We have two functions written in Rust and compiled into WebAssembly. They are deployed in the sidecar microservices to perform the actual work of image processing and classification. 
While our example WebAssembly functions are written in Rust, you can compile functions written in C/C++, Swift, Kotlin, and AssemblyScript to WebAssembly. WasmEdge also provides support for functions written in JavaScript and DSLs.
The grayscale function is a Rust program that reads image data from STDIN and writes the grayscale image into STDOUT.
We use rustwasmc to build it and then copy it to the image-api-rs sidecar.
The classify function is a Rust function that takes a byte array for image data as input and returns a string for the classification. It uses the WasmEdge TensorFlow API.
We use rustwasmc to build it and then copy it to the image-api-go sidecar.
In the next three sections, we will look into those three sidecar services.
The image-api-rs sidecar application is written in Rust. It should already have the WebAssembly function lib/grayscale.wasm installed from the previous step. Please refer to the functions/bin/install.sh script to install the WasmEdge Runtime binary lib/wasmedge-tensorflow-lite and its dependencies.
The sidecar microservice runs a Tokio-based event loop that listens for incoming HTTP requests at the path /api/image
Once it receives an image file in the HTTP POST request, it invokes a WebAssembly function in WasmEdge to perform the image processing task. It creates a WasmEdge instance to interact with the WebAssembly program.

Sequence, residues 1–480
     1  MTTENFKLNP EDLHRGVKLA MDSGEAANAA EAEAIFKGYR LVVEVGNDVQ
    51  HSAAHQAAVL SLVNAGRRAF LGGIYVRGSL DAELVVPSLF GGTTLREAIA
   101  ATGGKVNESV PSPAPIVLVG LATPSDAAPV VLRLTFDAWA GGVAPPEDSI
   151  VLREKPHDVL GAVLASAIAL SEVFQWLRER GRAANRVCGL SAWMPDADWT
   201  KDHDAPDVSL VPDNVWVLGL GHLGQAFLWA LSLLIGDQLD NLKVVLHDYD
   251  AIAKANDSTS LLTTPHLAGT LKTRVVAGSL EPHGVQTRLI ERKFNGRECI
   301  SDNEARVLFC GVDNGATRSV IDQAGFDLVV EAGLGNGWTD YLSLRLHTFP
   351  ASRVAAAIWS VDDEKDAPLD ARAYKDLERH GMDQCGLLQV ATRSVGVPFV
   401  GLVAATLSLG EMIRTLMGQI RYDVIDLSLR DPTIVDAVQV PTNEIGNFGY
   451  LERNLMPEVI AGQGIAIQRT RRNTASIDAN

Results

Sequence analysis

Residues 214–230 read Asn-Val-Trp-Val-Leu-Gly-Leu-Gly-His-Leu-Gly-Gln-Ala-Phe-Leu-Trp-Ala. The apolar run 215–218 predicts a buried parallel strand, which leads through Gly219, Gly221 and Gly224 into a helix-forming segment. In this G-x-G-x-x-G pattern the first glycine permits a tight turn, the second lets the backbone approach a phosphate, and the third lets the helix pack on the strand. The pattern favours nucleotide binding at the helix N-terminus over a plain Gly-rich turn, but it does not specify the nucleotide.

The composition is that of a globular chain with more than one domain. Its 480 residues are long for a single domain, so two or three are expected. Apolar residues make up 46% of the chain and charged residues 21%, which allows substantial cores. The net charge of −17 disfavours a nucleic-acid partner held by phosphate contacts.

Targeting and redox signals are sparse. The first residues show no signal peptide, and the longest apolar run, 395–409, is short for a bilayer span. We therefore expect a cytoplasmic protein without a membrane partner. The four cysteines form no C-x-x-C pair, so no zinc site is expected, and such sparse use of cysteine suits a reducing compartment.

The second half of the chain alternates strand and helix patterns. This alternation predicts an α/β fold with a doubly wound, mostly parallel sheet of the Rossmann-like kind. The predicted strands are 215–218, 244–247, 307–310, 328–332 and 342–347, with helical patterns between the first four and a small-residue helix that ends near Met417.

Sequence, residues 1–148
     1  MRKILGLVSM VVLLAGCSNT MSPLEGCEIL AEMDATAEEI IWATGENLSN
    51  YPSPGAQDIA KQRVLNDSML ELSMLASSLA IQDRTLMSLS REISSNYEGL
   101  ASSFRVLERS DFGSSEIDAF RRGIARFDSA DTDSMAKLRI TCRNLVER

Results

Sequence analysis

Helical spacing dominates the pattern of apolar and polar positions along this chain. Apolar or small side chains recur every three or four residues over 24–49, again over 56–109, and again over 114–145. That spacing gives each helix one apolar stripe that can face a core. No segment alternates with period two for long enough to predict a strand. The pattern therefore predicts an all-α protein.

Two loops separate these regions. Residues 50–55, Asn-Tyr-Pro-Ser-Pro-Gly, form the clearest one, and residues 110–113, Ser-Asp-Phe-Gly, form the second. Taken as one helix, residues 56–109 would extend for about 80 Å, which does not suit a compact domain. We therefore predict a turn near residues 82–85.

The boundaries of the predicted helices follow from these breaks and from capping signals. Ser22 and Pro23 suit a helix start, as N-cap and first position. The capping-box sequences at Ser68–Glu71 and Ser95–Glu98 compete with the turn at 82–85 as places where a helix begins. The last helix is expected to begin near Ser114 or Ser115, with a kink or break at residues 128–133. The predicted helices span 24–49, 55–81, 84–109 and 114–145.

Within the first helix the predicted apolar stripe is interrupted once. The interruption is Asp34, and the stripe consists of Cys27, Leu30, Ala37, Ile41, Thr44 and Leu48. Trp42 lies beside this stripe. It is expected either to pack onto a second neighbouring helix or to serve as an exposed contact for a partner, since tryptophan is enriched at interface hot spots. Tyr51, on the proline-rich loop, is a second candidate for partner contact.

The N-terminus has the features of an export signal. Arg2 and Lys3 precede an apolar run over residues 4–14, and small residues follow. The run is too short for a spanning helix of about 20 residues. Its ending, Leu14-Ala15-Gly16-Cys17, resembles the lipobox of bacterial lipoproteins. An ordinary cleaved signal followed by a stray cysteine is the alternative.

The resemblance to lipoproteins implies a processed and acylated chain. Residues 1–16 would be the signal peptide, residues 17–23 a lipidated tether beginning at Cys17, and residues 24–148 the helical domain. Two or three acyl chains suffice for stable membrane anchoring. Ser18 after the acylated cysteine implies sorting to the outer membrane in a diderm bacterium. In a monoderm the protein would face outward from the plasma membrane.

The following Dapr CLI command starts the microservice in the Dapr runtime environment.
The image-api-go sidecar application is written in Go. It should already have the WebAssembly function lib/classify_bg.wasm installed from the previous step. Please refer to the functions/bin/install.sh script to install the WasmEdge Runtime Go SDK.
The sidecar microservice runs an event loop that listens for incoming HTTP requests at the path /api/image
 
Once it receives an image file in the HTTP POST request, it invokes a WebAssembly function in WasmEdge to perform the Tensorflow-based image classification task. It utilizes the Go API for WasmEdge to interact with the WebAssembly program. 
The following Dapr CLI command starts the microservice in the Dapr runtime environment.
The web UI service web-port is a simple web server written in Go. It serves static HTML and JavaScript files from the static folder and sends images uploaded to /api/hello to the grayscale or classify sidecars’ /api/image endpoints.
The JavaScript in page.js simply uploads images to the web-port sidecar’s /api/hello endpoint and the web-port will request the classify or grayscale microservice based on the request header api
The following Dapr CLI command starts the web service for the static UI files.
That's it. You now have a three part distributed application written in two languages!
As we have demonstrated, there is a lot of synergy between Dapr’s distributed network runtime and WasmEdge’s universal language runtime. This approach can be generalized and applied to other service mesh or distributed application frameworks. Unlike Dapr, many service meshes can only operate in Kubernetes as their control plane and hence are dependent on the Kubernetes API. WasmEdge is a Kubernetes compatible runtime and could play an important role as a lightweight container alternative to run microservices. Stay tuned!
Dr. Michael Yuan is the author of five books on software engineering. His latest book,Building Blockchain Apps, was published by Addison-Wesley in Dec 2019. Dr. Yuan is the co-founder of Second State, a startup that brings WebAssembly and Rust technologies to cloud, blockchain, and AI applications. Second State enables developers to deploy fast, safe, portable, and serverless Rust functions on Node.js. Stay in touch by subscribing to the WebAssembly.Today newsletter.